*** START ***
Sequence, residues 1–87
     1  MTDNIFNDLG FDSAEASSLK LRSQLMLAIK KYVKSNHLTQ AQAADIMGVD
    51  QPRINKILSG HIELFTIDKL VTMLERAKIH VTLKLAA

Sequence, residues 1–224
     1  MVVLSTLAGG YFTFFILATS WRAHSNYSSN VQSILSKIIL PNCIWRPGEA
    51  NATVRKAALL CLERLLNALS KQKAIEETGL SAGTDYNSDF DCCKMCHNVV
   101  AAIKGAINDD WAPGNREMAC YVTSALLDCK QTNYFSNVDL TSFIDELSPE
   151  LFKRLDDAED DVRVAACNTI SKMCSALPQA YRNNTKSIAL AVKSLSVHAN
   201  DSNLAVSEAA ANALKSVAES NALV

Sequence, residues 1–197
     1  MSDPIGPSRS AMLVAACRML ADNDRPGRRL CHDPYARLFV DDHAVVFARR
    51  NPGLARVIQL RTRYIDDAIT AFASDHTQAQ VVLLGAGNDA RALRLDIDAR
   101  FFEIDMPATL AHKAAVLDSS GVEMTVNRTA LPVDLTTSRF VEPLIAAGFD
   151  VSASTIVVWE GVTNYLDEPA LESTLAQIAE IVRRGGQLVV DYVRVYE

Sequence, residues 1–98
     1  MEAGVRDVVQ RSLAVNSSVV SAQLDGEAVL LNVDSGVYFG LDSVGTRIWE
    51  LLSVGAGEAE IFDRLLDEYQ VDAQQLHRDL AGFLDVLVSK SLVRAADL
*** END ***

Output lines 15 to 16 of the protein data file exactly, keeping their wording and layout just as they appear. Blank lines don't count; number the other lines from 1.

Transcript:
Sequence, residues 1–98
     1  MEAGVRDVVQ RSLAVNSSVV SAQLDGEAVL LNVDSGVYFG LDSVGTRIWE